If Tom Brady were to retire today, this is what Aaron Rodgers would have to do to match him statistically: go 93-7 while completing 2,210 of 3,567 passes (62%) for 24,755 yards, 159 touchdowns and 80 interceptions. That would roughly work out to 6 seasons of going 15-1, while completing 351 of 566 for 3,929 yards, 25 TDs and 13 INT. Having just finished the regular season of his age-33 year, Rodgers’ average numbers suggest Brady is in reach: 333 of 511 for 4,055 yards and 33 touchdowns. But Brady is the only QB ever with that many total yards or completions after his age-33 season, Brady and Peyton Manning are the only ones with that many TDs after 33. And that won-loss record? Forget it. Brady has the most QB wins after 33 of all time at 72, and Manning’s 55 a distant second. And there’s no way the Pack are winning 15 games any time soon.
But maybe you’re the kind of person who likes to look at peak value as well as career value, and there Rodgers already has the edge, but it’s not as big as you might think. From 2009 to 2014, Rodgers completed 1,910 of 2,880 for 24,211 yards, 197 TD, and 43 INT, while Brady was 1,902 for 2,894 for 23,242, 187 TDs and 45 INT. But Brady’s peak run includes the 2008 season, when he lasted all of 11 pass attempts before being knocked out for the season. If you average their numbers out to a per-season basis, the gap all but evaporates: 380 of 579 for 4,648 yards, 37 TD, 9 INT for Brady, 351 of 530 for 4,453 yards, 36 TD, 8 INT for Rodgers. Rodgers does have the better passer rating, for what that’s worth, but the margin is just 109 to 105.4.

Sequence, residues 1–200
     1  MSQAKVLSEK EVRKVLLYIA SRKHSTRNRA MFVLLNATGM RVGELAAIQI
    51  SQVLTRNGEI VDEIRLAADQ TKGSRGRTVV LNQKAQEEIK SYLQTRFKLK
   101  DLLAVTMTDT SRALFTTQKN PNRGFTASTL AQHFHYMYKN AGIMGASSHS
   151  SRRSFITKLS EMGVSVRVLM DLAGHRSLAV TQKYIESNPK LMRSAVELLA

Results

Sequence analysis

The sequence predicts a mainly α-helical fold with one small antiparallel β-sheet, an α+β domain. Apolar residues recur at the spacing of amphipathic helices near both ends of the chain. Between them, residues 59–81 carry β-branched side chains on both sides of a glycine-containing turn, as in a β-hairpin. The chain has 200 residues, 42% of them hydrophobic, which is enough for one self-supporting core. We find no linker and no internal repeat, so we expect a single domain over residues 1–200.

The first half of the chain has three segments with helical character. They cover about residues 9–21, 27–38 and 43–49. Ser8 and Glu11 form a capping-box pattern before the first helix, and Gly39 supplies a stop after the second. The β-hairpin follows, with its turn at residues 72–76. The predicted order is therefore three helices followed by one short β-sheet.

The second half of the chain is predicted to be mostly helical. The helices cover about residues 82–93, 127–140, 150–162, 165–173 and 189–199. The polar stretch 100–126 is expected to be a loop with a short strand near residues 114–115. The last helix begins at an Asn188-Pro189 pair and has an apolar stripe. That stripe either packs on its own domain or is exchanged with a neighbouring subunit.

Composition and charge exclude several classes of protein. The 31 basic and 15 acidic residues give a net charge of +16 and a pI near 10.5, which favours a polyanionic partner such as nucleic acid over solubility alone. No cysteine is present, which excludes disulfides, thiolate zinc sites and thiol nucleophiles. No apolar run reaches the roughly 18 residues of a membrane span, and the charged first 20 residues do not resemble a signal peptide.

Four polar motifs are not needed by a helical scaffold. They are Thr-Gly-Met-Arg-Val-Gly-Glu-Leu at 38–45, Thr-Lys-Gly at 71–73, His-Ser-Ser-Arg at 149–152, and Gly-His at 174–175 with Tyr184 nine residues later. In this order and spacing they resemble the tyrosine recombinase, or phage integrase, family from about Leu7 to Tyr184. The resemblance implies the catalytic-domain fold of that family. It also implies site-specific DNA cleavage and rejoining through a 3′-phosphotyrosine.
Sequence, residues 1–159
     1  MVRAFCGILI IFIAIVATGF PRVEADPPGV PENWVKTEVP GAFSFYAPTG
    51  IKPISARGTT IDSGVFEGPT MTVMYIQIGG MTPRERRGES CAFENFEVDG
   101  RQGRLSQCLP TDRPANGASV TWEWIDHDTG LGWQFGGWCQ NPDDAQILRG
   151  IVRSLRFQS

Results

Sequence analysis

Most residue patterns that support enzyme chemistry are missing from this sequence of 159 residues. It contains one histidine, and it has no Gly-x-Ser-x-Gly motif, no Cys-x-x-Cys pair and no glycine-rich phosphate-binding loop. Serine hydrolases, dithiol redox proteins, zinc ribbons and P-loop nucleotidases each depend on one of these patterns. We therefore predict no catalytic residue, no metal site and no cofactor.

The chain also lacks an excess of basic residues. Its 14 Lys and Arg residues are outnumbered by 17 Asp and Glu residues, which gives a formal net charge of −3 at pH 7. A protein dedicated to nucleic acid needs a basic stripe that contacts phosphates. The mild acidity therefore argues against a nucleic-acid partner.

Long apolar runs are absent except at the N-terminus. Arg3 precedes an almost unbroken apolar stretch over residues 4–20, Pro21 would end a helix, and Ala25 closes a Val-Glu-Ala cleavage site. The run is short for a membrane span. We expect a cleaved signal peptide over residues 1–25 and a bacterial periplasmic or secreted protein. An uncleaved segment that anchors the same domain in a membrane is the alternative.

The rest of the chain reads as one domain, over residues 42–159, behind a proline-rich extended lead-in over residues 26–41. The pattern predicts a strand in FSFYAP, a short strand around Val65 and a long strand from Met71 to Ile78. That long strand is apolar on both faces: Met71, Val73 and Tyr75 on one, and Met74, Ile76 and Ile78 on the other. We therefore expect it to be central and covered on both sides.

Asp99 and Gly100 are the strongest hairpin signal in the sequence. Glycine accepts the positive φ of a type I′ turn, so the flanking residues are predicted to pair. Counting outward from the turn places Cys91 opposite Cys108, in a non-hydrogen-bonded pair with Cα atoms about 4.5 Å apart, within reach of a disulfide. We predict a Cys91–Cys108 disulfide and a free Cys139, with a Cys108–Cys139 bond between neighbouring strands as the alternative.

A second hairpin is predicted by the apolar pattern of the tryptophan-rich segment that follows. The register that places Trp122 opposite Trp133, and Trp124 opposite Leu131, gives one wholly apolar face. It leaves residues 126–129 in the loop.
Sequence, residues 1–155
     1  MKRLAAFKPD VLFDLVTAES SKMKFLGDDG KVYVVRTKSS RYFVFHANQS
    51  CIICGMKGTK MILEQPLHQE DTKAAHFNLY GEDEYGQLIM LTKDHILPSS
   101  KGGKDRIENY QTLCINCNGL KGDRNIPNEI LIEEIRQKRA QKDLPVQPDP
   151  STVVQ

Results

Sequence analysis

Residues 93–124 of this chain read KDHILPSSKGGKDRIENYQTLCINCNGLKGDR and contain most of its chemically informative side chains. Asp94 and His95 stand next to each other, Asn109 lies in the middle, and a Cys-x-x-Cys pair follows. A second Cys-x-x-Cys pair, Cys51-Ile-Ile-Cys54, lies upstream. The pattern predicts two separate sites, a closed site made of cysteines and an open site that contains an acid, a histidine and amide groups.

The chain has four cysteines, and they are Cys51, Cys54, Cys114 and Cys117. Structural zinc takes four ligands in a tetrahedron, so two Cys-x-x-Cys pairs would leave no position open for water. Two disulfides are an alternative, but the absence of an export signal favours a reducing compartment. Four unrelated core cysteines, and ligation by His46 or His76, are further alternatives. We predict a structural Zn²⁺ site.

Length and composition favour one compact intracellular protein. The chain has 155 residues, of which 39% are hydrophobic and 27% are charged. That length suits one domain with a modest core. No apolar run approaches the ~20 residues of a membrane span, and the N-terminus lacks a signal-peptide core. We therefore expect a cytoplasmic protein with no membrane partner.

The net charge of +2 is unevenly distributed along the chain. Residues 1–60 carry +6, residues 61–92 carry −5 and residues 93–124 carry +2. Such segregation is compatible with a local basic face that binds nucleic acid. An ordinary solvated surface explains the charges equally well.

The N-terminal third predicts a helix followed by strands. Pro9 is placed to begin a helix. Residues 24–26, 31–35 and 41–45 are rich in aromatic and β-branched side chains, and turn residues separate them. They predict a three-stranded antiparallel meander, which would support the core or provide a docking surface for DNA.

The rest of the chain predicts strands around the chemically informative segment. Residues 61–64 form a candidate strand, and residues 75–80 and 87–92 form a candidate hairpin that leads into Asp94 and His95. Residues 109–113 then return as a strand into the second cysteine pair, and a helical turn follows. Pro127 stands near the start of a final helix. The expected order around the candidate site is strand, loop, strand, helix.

Brady sometimes got knocked as being the product of a brilliant system, with people pointing to the 2008 when the Patriots went 11-5 with Matt Cassel at the helm. But Brady the year before had gone 16-0 with essentially the same offense. And while Brady had posted a passer rating of 117.2, Cassel’s was 89.4, a dropoff of 23.7%. Conversely, Rodgers is perceived as being the man keeping food on Mike McCarthy’s family, but in 2013, when Rodgers went down for 7 games, Matt Flynn had a 86.1 rating, compared to 104.9 for Rodgers, a dropoff of 17.9%.
Rodgers has an incredible ability to dance about and evade defenders in the pocket, and once he’s forced out of the pocket, he becomes even more dangerous. His knack for the Hail Mary is uncanny, his ability to throw off his back foot is perhaps unprecedented and he seemingly twists in more directions than Stretch Armstrong while still firing missiles. “I always love watching his tape, admiring the things he can do, because I can’t do many of those things. … Whenever he’s on, I usually stay up and watch,“ Brady himself acknowledged recently.
Mobility is where Rodgers really creates some space between himself and Brady, as he has rushed 501 times for 2,544 yards and 35 TD, compared to Brady’s 532 carries for 940 yards and 17 TDs. Brady however gets sacked far less, just once every 19.7 pass attempts, compared to Rodgers’ once every 13.7.
There’s an even wider gap between them than their athleticism and mobility, and that’s their jewelry. Brady has won four Super Bowls to Rodgers’ 1 – heck, Brady’s lost more than Rodgers has played. If Rodgers could beat Brady in Super Bowl LI, he’d go a long way towards gaining ground. But first he has to get past the Atlanta Falcons.
Watch Aaron Rodgers’ quest for GOAT-ness as he leads the Green Bay Packers vs. Matt Ryan and the Atlanta Falcons Sunday at 3:05pm on FOX by subscribing to Sling Blue